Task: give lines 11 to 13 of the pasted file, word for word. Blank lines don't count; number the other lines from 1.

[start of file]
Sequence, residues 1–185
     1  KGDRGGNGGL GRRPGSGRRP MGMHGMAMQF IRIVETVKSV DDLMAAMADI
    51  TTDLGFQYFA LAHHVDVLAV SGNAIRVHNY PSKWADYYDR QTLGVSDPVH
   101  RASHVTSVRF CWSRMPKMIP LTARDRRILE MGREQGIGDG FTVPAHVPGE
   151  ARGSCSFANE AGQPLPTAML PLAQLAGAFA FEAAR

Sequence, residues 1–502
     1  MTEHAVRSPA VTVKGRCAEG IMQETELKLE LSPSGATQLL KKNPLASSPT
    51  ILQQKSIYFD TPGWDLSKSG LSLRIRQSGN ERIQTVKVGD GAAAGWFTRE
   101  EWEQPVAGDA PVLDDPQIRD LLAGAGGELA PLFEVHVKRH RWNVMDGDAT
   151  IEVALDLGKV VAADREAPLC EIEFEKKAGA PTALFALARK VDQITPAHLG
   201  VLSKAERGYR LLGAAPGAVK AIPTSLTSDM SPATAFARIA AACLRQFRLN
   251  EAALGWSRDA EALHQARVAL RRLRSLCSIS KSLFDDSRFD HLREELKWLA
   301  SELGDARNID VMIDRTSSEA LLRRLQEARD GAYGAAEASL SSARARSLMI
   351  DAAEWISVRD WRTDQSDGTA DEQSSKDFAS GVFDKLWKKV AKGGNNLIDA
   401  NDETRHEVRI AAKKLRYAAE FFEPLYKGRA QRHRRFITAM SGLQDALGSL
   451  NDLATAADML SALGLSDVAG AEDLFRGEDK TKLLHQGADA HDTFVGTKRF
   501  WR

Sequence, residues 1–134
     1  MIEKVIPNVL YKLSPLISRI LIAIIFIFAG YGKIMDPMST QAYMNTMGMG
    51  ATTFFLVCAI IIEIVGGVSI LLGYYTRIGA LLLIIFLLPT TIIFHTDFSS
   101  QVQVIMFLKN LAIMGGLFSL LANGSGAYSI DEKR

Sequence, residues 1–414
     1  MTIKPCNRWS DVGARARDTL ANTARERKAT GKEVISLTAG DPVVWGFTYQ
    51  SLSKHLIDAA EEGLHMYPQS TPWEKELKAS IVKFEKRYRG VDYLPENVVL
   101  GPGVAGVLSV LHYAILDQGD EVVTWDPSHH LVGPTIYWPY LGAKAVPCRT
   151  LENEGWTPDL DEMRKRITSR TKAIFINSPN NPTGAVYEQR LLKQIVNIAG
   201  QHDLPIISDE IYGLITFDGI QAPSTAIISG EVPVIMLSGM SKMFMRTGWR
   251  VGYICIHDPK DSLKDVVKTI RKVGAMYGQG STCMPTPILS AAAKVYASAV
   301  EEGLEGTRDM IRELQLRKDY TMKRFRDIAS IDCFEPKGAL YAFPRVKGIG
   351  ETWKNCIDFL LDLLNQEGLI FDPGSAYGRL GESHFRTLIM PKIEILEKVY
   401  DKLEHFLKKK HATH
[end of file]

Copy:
   201  VLSKAERGYR LLGAAPGAVK AIPTSLTSDM SPATAFARIA AACLRQFRLN
   251  EAALGWSRDA EALHQARVAL RRLRSLCSIS KSLFDDSRFD HLREELKWLA
   301  SELGDARNID VMIDRTSSEA LLRRLQEARD GAYGAAEASL SSARARSLMI